Car, train and aircraft makers are investigating whether they have used any sub-standard materials made by Kobe Steel.
The checks come after Japan's third largest steelmaker admitted falsifying quality data, possibly for as long as a decade.
General Motors, Boeing and Toyota are among the firms checking their models.
An internal investigation at Kobe Steel found 70 cases of data tampering at its Kobelco Research unit.
Shares in Kobe Steel fell by nearly 40% in two days, wiping more than $1.5bn (£1.1bn) off its market value after the firm admitted fabricating data about the strength and durability of products it delivered to more than 200 companies.
Kobe Steel spokesman Gary Tsuchida told the BBC the firm regrets the falsification of data.
"There were tens of employees involved. It seems in some cases quality control was undertaken by veteran employees who had lots of experience, highly trusted within the organisation, and somehow these discrepancies slipped by them."
Mr Tsuchida insisted that Kobe Steel was taking all necessary steps to investigate how this happened.
Kobe Steel's President Hiroya Kawasaki will meet a senior official at Japan's industry ministry on Thursday, reports say.
In Japan and abroad, manufacturers that have used Kobe Steel materials have been racing to check that the safety of their own products has not been compromised.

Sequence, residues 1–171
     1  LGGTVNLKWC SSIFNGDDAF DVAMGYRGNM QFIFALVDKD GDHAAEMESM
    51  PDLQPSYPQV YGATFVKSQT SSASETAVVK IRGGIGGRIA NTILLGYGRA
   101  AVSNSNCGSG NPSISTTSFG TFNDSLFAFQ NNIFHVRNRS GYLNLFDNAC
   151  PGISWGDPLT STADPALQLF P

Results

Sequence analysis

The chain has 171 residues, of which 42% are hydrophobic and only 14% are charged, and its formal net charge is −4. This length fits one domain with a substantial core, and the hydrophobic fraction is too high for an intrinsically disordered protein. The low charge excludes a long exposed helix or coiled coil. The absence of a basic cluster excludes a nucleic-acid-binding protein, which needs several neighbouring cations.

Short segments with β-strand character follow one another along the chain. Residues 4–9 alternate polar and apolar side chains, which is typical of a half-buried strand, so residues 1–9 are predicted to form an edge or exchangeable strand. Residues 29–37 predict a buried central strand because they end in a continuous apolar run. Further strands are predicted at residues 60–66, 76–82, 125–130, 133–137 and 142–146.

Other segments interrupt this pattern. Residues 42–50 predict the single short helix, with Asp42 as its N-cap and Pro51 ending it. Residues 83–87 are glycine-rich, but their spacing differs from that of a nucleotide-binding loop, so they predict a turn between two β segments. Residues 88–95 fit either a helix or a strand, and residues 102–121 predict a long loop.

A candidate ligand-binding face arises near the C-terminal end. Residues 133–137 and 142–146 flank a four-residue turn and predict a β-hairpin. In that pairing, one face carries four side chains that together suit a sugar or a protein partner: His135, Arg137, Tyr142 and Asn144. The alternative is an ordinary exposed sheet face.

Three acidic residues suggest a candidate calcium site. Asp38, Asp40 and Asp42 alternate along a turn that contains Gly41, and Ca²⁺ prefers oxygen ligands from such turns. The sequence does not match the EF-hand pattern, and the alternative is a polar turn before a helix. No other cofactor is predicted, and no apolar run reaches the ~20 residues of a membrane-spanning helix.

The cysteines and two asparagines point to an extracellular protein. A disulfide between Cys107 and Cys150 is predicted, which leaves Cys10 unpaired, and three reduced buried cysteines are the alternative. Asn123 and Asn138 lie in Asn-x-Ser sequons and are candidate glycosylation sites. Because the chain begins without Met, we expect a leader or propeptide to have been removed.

Central Japan Railway said some Kobe Steel parts for its bullet trains did not meet Japanese industrial standards, but there were no safety issues.
Hitachi said its new trains in Britain used Kobe Steel but had all passed rigorous tests.
US plane manufacturer Boeing also said it had not found any safety issues. But Mazda said it was still investigating after it used Kobe aluminium in some car bonnets.
"We won't know if we need to take any action until those investigations are complete," a spokesperson said.
And Honda said that aluminium produced by Kobe Steel had been used in doors and bonnets of some of its cars.
The crisis at Kobe Steel is the latest in a string of recent scandals at major Japanese companies.
They include cases of falsified data at Nissan Motor and Mitsubishi Motors, while air bag maker Takata filed for bankruptcy in June over faulty airbags which were blamed for several deaths and many injuries.
Toshiba is still working to recover from an accounting scandal that began in 2015.
Martin Schulz from Fujitsu Research Institute said a focus on cost cutting has been one contributing factor to the corporate failures.
He said an extreme focus on reducing costs over the past two decades has seen "management in many subsidiaries bettering their results beyond their means, while an increasing focus on profitability is stretching the limits of quality control".